by Sheriff Jim Wilson - Tuesday, February 14, 2017
The Modern Technique of the Pistol teaches the Combat Triad as a major part of personal defense with a firearm. The three parts of the triad are marksmanship, gun handling and the combat mindset. Of the three, gun handling is quite often overlooked and sometimes even taken for granted.
Most of us have noticed a new student arriving at a defensive class with their gun in the factory box, holding it like there was a rattlesnake inside. They are obviously unfamiliar with this new defensive tool and aren’t sure of how to make it ready for a fight or, even worse, how to ensure it is safe. While this is the extreme example, it points out the need for training in efficient gun handling.
The first and most important aspect of gun handling is to learn how to operate the gun safely. We don’t point a gun, loaded or not, at anything that we don’t intend (or aren’t willing) to put a bullet through. This includes our own hands and body. We learn to keep our finger off of the trigger until our sights are on a target that we will shoot at if the need arises.
Beyond the safety aspect of gun handling, defensive shooters should realize that a criminal attack is a highly stressful situation. In fact, it will dump more stress into your system than just about anything else that you could imagine. There may well be yelling, shouting, and shooting as people—combatants and non-combatants—are running in all different directions. Your heart rate will be extremely high and your fine motor skills will be virtually gone. In the midst of this extreme chaos, you must function in such a way as to keep up with everything that is going on and to neutralize any threat that might exist. You simply won’t have the luxury of time to give conscious attention to making your defensive firearm work.
The effective handling of the defensive firearm, when you are under actual attack, must be entirely second nature. Successful operation of the defensive tool must be a habit. We develop those good habits by choosing a firearm wisely and then taking the time to learn how to effectively operate it. That comes from training, live fire and even dry practice. It comes from living with the gun and learning and memorizing everything about what makes it function properly.
It is important that you learn how to run all of the controls on the firearm you have chosen. You need to know how to perform a speed load and a tactical load with it. You need to know the common malfunctions that your chosen gun may be subject to and the quickest, most efficient way to clear them. Once you have learned these operating drills, you should practice them until they have become a habit. This habit should be so strong that you can perform the functions in the dark, or without looking at the pistol. Trust me, in a gunfight you will have lots of other things to look at and worry about.
All of which makes me concerned about a select group of gun enthusiasts. These are the folks who talk about carrying a different kind of defensive handgun virtually every day. They have lots of nice guns, and I can certainly understand the desire to use them all. The problem, however, arises when they decide to carry a double-action revolver one day, a striker-fired pistol the next and a single-action semi-auto the following day. In that deadly moment when everything gets real, it is doubtful they will remember which gun they have on, much less how to operate it effectively. Different operating systems are hard enough in a computer, but changing platforms is even harder when it comes to a high-pressure situation.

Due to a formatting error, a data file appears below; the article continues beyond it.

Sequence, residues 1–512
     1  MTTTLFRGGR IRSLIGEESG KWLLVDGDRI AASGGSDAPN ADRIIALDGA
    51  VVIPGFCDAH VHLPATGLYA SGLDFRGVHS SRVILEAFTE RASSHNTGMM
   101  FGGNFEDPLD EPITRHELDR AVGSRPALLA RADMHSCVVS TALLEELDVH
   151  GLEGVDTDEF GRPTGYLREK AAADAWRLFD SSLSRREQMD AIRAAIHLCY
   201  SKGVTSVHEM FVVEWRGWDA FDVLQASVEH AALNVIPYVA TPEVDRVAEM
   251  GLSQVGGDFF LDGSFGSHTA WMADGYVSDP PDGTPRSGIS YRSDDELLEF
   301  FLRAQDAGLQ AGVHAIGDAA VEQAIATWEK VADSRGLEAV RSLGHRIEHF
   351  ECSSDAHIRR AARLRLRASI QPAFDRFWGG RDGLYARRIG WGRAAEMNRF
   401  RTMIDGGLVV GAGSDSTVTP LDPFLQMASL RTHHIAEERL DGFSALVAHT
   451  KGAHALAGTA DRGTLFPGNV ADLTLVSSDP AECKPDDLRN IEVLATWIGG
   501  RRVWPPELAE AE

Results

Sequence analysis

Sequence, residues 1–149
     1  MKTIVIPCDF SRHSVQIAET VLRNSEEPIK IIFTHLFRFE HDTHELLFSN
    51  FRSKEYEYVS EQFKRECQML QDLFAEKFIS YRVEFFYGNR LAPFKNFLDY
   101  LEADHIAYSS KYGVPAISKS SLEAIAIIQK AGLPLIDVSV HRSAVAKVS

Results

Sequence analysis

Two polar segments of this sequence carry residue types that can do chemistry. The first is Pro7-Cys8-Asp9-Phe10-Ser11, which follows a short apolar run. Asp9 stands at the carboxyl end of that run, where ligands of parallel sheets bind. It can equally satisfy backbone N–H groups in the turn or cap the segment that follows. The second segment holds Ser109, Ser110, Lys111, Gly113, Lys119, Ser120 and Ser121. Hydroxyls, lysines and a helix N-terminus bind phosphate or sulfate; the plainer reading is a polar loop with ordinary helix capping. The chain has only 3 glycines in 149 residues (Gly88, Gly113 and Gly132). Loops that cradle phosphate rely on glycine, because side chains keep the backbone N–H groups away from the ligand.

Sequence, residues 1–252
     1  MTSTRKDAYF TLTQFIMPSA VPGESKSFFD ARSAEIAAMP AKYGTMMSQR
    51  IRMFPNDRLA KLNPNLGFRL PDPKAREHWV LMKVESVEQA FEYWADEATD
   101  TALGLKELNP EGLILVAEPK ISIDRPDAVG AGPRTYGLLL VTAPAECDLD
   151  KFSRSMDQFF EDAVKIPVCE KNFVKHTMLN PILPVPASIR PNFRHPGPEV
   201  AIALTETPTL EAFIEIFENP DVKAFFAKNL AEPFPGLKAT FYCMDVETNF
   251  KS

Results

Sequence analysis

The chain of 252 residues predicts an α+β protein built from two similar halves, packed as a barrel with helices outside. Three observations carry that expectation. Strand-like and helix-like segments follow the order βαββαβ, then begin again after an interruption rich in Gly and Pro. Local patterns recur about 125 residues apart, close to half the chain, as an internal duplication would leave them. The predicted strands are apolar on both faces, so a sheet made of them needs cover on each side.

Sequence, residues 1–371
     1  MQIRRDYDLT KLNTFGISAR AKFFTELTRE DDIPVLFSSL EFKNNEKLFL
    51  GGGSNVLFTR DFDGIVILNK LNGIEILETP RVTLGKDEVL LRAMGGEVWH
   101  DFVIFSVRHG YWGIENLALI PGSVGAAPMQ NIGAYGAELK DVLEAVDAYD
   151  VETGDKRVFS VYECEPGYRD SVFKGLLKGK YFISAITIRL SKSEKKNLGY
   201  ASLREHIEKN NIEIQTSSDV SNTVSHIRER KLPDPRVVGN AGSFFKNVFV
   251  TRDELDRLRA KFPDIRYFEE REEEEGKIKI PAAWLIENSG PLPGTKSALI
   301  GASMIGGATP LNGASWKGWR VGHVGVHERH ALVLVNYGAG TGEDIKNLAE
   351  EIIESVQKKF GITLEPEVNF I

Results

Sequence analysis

I have carried a 1911 pistol for the better part of 45 years. Some might get the impression that I do this because I think that the 1911 is the greatest fighting handgun every invented. Those who subscribe to this idea would be wrong. While I certainly think the 1911 is a fine fighting pistol, it is only one of several pistols I would classify as great.
The main reason that I still carry a 1911 after all of these years is because I know it forward and backward, inside and out. I can field-strip one in the dark. I have learned how to properly clean and lubricate one so malfunctions are kept to an absolute minimum. And, should a malfunction occur, I know exactly what to do about it. I can operate one properly in moments of horribly high stress. I know that because I have actually done it.
So, what it boils down to is what you carry is not nearly as important as what you can do with it. It is critical to know as much about the operation of your chosen defensive handgun as you possibly can. Especially in the beginning, a person should always be on the lookout for ways and techniques to operate that gun more efficiently. Not only that, but settle on a way to carry the defensive gun, with a particular kind of holster, and make that system part of your defensive habit, too.
Proper gun handling is all about habits, particularly good habits. Those come with living with a particular gun, becoming comfortable with that arm and learning all there is to know about operating it properly and effectively. And we’re not done there—then we practice those proper-handling techniques until they are ingrained in us and become second nature.
Should we find ourselves in the position of having to defend ourselves against a deadly attack, we can focus on the threat itself and—should it be necessary to do some shooting—we can deliver the goods without hesitation, fumbling or conscious focus on the mechanics of the particular defense gun that we carry. That’s the kind of confidence that wins fights and saves lives.
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